The people in Conakry simply make sure they don’t touch anyone they don’t know. They wash their hands and they supervise their children at all times. There are hundreds of Medecins sans Frontiers and other health workers who have worked since the beginning of the epidemic who have not caught the virus. The very few that have caught it, and the unfortunate case of the nurse who contracted it in Spain (‘The First Case In Europe!’ gloat the gruesome headlines greedily, as if there were going to be hundreds and thousands following in her wake!) have simply not followed the rigorous rules of conduct demanded in the treatment of an Ebola patient.

The media circus about Ebola is way out of line. I know that I have a vested interest in playing it down, because I run a hotel in Mali and we have had several cancellations because of Ebola. We were hoping to slowly re-emerge after three years of deep crisis which included  the Jihadist occupation of the north and war in this country- (none of which ever touched Djenne in the slightest, by the way) and now we are the victims of Ebola without even having had ONE case in Mali. But if I thought this disease was really a seroius threat  here, I would have left, just as I am sure Ann would have done, for the safety of her children.
Rest assured dear Europeans, Americans and Australians etc. You are not at risk here. Please do not believe all the junk that the media is throwing at you. Tonight a ridiculous headline took pride of place and opened the evening news on France 24, my purveyor of international news. ‘Woman found NOT to have ebola’. A woman had arrived from Liberia and had fallen ill in Paris. Therefore she was put in quarantine, but found to suffer from a common cold I believe.

My old sparring partner Joe Penney from Reuters (see blog September 9, 2012  and in particular comments ...) is reporting on the difficulty of surveying the southern borders of Mali and Guinea in the artisanal gold mining areas, where people just cross the border avoiding the official border posts.  (http://www.reuters.com/article/2014/10/04/us-health-ebola-mali-idUSKCN0HT0D320141004 .) This is true and I don’t accuse him of sensationalism exactly.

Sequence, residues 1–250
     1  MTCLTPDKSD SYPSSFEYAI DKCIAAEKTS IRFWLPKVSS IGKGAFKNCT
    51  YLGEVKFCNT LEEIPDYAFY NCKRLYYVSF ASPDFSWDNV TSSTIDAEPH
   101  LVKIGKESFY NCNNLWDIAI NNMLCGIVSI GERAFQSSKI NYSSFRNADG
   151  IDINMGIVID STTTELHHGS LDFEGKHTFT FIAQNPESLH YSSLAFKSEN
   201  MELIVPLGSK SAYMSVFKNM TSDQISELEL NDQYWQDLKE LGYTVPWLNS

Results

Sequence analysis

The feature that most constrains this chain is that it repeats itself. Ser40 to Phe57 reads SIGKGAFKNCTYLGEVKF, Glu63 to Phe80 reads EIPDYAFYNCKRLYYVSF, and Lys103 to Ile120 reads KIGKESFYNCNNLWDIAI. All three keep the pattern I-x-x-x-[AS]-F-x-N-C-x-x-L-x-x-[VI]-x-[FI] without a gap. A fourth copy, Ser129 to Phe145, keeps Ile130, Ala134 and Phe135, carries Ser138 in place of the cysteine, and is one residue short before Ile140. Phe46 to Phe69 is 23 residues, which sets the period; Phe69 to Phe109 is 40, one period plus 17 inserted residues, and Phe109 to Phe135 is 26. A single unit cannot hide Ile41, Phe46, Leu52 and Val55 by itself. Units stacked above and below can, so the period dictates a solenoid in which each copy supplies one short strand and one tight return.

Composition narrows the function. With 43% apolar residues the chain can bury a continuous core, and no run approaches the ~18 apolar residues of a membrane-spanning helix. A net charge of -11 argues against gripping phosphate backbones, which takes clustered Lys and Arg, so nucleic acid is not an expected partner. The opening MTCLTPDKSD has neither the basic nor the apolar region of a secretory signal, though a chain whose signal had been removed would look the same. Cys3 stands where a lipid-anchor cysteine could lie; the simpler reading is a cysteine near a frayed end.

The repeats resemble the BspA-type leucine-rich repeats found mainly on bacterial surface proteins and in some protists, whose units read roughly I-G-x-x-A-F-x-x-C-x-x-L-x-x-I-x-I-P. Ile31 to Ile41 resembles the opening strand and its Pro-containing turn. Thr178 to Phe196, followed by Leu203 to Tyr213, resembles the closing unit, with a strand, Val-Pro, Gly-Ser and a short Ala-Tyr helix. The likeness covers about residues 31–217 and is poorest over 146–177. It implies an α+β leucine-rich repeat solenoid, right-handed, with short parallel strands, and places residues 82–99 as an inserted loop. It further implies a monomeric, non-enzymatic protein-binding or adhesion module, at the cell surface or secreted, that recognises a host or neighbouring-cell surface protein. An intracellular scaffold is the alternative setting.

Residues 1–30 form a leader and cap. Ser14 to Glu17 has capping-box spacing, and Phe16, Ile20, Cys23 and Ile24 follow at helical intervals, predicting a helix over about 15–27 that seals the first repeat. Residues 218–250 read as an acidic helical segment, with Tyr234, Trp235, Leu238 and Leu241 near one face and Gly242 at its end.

But the border has been porous since the beginning of the epidemic in March. Why have there been no cases yet? And even if there was a case or a few of ebola in Mali, what is to say it will develop into an epidemic here? It did not in Nigeria, who only presented a few cases and then nothing for the last month or so, or Senegal where  case or two was declared  a couple of weeks ago, and then nothing else. The fact is, Malians in the border areas are very  alert to the danger of Ebola. The Malian health personnel I have spoken to here are quite optimistic as to the success of the Malian media’s  effort to highlight the danger: Malians are informed how to avoid contagion by hygiene measures; how to spot a suspect case and how to recognize the first symptoms, and if they do, to alert the authorities. I believe this is actually working.

Interestingly, when I went to mass at Bamako cathedral several weeks ago the priest told the congregation in the packed cathedral not to shake hand as is customary when wishing each other ‘Peace’ after the Lords prayer. These sorts of saftety measures and many others are put in place and adhered to in many contexts in Mali and elsewhere in West Africa, and this will help to ensure that the epidemic, however devastating, will begin to abate without the apocalyptic scenario envisaged by the international scaremongers of the press and media.

Wednesday, October 08, 2014

Djeneba at Real Madrid

The most fun  news I have had for days came when my MaliMali assistant Djeneba called me today from Spain. She was invited by Jose Manuel Herraiz, the film maker who made a charming little documentary about her when she was seventeen year old, and who came here in April to make a sequel to this first prizewinning documentary. (look up 'Djeneba' in blogsearch above) He filmed everything that was happening and one shot was of  Djeneba and me in the MaliMali studio cutting out fabric and talking football. She is a real aficionado, and can talk knowledgeably about football for hours. Malians are all football mad, and they follow in particular Spanish football and are firmly divided into Barcelona fans and Real Madrid fans.
The  culmination of this documentary sequel was to be Djeneba’s visit to Spain. I knew Jose Manuel  was trying to get her to meet the players from Real Madrid, her favourite team. And here they are! Above Djeneba with Ronaldo and below with Benzema,no less.